Calder’s mobiles don’t hang straight but sidle up to the planet with wry but confident angles
I envy but can’t emulate. The one hanging in your kitchen looks like a tiny thunderstorm.
Posed there, you tilt and veer sideways, confounding my approach. I snatch a beer from the fridge and pretend
I’m too manly to let art as fragile and tentative as Calder’s shift my vision even an inch.
Your whole apartment reeks of art. Drawings primp in off-white mats. Figurines in marble and bronze
squat in speechless dolor. One splash of oil painting cowers the sofa on which I’d hoped we could splay
not like lovers but comrades determined to resolve the world. You acquired your mobile from the man
himself, who in his last years touched your childhood with tiny implements essential to kinetic sculpture.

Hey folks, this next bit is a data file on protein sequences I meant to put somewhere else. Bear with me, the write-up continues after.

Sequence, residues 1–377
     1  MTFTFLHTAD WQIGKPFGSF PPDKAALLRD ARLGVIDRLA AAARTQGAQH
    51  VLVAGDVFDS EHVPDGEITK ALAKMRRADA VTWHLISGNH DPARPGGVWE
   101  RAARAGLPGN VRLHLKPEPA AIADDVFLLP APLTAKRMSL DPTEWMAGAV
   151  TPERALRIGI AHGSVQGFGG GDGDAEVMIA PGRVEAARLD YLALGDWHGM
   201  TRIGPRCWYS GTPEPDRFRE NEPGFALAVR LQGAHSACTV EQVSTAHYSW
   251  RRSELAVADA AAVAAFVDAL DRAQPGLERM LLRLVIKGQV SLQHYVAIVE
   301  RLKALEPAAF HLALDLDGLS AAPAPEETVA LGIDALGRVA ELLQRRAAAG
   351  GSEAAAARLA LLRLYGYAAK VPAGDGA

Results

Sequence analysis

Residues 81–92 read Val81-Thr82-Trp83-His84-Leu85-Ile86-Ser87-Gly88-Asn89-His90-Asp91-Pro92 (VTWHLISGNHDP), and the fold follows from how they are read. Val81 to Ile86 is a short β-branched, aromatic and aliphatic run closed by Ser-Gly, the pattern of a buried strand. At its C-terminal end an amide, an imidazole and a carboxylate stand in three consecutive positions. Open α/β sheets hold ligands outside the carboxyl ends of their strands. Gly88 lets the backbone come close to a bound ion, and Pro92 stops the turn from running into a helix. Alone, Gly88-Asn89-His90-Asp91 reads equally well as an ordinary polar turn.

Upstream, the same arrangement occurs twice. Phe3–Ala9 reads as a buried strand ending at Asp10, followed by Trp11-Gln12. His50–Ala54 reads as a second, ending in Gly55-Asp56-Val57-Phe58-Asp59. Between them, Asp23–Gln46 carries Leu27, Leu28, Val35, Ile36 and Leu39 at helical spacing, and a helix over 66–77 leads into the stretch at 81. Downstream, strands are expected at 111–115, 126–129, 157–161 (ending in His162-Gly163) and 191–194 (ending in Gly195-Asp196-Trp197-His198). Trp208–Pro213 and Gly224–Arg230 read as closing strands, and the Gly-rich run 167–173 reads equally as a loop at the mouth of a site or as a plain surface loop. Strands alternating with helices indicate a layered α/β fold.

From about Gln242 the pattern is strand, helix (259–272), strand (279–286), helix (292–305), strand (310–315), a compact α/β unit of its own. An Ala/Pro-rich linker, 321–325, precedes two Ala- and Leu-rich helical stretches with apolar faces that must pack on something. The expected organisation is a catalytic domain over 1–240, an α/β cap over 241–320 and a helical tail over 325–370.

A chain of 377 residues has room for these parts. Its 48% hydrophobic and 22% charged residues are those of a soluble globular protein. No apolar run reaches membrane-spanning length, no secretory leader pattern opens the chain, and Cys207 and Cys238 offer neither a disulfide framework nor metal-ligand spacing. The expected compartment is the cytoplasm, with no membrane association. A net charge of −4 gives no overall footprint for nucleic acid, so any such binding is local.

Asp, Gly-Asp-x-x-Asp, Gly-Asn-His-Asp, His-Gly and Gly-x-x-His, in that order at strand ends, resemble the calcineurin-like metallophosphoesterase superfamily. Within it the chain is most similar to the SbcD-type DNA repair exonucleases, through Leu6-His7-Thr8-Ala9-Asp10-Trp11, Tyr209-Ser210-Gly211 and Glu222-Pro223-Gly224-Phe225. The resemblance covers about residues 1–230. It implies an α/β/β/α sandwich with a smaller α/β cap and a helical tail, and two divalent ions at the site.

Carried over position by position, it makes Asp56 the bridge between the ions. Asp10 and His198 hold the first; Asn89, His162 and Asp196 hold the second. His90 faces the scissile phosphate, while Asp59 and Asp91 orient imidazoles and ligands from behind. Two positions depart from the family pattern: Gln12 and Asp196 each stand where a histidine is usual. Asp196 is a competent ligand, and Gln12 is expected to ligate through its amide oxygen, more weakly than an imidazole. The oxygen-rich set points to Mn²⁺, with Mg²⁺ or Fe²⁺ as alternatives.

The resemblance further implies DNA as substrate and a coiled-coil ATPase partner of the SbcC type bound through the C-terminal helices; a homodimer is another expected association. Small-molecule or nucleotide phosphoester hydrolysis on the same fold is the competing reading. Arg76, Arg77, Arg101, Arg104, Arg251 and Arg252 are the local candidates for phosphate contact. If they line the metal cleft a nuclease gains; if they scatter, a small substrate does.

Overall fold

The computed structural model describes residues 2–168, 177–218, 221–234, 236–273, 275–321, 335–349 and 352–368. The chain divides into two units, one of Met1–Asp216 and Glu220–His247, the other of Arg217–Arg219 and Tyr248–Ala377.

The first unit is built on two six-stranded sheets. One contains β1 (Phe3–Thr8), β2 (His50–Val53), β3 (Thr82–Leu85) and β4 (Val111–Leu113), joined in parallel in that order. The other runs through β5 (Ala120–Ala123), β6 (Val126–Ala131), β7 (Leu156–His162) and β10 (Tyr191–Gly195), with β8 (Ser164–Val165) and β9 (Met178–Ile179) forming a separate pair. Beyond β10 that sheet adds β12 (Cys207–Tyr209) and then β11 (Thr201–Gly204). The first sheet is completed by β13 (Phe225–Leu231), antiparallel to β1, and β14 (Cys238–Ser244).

The rest of your collection deployed as your elegance formed itself from air, water, fire and earth.
I wish I had known you when stones first cracked in your presence and rivers slopped over their banks
and storefronts coughed up trinkets to pave your way through Harvard Square where your early triumphs occurred.
Calder saw this coming and planted his mobile to observe and relate your effects by shifting its angles subtly enough to mimic the way you balance entire worlds on the tip of your pointed tongue.
-- William Doreski lives in Peterborough, New Hampshire, and teaches at Keene State College. His most recent book of poetry is The Suburbs of Atlantis(2013). He has published three critical studies, including Robert Lowell’s Shifting Colors. His essays, poetry, fiction, and reviews have appeared in many journals, including Massachusetts Review, Atlanta Review, Notre Dame Review, The Alembic, New England Quarterly, Worcester Review, Harvard Review, Modern Philology, Antioch Review, and Natural Bridge.